But Kunin says now that women alone can never create the needed change. She remembers her own political mentor, the surprising Emory Hebard, a conservative Republican who first gave her a chance. And in that same spirit, she calls on young fathers and grandparents, business owners, financiers, churchgoers and governors to become more conscious and join in a similar collaboration—giving another kind of chance. This one is for young American families and their potential for productive, innovative work. All of us have a country and an economy at stake in this book.

Lately I’ve been ignoring the news, which has been way too full of reports about the “recovering” economy and Wall Street rebounding, while jobs continue to be lost. Here I was, hoping this economy might end up being murdered with an axe. But it appears an unrepentant U.S. capitalism remains here to stay, thanks to Bernanke, Geithner, and the same old privileged male players. So now I’m thinking, if you can’t beat’em, then maybe we’d best join them. America, we need to further commodify our children! This idea may be the secret to families at last gaining a little ground in a capitalist nation.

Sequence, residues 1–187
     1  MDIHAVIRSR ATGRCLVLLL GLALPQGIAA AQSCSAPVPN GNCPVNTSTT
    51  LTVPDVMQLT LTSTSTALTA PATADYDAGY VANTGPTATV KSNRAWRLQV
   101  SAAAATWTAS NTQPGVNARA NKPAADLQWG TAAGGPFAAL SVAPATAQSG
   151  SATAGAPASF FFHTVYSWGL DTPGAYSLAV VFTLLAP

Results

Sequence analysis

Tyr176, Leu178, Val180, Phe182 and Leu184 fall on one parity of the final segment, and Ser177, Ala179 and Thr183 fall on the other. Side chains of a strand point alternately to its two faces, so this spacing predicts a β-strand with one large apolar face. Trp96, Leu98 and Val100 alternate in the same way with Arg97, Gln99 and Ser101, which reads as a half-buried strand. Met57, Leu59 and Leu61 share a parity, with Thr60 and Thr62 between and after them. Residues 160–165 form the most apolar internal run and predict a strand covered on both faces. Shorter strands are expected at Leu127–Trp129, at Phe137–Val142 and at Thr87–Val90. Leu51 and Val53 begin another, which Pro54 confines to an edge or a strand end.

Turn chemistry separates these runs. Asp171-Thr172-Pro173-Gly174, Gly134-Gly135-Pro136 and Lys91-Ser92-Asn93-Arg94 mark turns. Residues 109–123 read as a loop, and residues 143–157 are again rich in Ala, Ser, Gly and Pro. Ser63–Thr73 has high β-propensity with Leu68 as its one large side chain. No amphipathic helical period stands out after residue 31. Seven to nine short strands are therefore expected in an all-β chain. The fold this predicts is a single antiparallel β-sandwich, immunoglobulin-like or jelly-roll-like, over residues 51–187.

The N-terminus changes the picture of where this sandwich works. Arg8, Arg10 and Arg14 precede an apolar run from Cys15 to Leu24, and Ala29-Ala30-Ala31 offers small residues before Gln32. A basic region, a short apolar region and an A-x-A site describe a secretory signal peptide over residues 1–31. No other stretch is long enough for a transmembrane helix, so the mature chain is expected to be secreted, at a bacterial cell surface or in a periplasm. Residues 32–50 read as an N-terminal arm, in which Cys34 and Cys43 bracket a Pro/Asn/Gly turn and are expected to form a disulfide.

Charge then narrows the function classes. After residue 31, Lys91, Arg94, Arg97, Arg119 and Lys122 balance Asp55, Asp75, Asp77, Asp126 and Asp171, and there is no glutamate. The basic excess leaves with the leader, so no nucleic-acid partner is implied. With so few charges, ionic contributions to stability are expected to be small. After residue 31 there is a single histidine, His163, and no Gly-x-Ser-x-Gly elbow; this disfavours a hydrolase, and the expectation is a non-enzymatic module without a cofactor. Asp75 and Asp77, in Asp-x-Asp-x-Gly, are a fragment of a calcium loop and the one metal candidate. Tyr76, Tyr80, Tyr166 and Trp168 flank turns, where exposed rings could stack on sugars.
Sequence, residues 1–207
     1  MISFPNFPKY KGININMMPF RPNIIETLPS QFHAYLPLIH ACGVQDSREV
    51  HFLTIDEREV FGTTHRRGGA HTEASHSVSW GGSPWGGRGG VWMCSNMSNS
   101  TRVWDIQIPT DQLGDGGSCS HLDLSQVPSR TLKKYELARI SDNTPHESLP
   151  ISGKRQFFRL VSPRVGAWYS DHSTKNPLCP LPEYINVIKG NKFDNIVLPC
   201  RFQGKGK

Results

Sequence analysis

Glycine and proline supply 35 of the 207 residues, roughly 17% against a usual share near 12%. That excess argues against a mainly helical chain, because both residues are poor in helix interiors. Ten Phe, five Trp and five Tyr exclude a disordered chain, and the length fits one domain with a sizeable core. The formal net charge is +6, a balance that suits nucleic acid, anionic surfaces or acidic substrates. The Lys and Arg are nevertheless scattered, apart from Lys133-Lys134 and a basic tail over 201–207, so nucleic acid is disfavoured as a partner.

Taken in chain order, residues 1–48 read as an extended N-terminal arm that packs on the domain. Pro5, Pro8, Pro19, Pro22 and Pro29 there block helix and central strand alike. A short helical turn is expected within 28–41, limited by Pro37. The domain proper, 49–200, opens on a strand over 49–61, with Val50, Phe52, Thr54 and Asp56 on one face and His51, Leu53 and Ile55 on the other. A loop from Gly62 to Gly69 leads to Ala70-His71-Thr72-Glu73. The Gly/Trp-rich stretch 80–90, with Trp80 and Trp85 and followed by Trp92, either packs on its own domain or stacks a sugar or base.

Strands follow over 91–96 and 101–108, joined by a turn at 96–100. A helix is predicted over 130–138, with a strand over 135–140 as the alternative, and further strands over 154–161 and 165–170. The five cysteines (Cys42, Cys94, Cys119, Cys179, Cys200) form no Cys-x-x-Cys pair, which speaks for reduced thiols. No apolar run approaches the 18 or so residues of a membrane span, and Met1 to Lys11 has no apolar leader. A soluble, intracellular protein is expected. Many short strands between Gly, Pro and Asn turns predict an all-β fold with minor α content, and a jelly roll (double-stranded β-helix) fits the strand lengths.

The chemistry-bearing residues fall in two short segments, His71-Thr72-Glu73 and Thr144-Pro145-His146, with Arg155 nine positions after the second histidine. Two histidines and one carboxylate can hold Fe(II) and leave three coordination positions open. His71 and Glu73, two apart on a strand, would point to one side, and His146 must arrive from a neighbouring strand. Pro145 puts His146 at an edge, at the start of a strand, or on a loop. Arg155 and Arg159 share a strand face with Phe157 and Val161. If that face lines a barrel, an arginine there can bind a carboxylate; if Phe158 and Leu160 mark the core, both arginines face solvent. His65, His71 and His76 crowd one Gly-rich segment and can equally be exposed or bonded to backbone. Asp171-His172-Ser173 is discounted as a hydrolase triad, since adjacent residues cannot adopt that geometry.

Our current economic system maintains an old 19th century myth. It continues to separate the private realm from the public realm, as if there should be a wall between them. What do I mean?  This economy faithfully separates our sacred families from the profanity of commerce, the better to avoid sullying the one thing remaining holy: our families and homes. (You know, the same American homes that were sold around the world in derivatives because our financial system was betting against them.)

Victorians of the 19th century held that men were a better fit for the profane and “public sphere” of politics and commerce. Only the fittest could survive there. Regardless of what Darwin had said about what the “fittest” actually meant, Victorian businessmen interpreted it as only “natural” to dominate by whatever ruthless measures were needed. Economic victories went to the strongest and the meanest.

Women, on the other hand, were the weaker sex and needed to be kept out of danger in the “domestic sphere.”  Too much thought in her pretty little head, and all her blood would go to her brain, instead of her womb, leading to hysteria. Doctors diagnosed any woman’s nervous condition the result of a starved uterus. Created by God to be mothers and home-makers, women might be oft-pregnant nurturers (birth control would land you in jail), yet she must remain morally impregnable. Far removed from the vile economy, women provided a safe haven for the harried worker whenever he came home. Here the children could receive proper moral guidance and social enrichment.

Thus the Victorian woman, though officially “dependent” and penniless, was persuaded, despite all appearances, that it was really her hand, not his, that rocked the world by rocking the cradle. And if you believe that, I have a big nuclear warhead I’d like to sell you—and by the way, honey, what’s for dinner?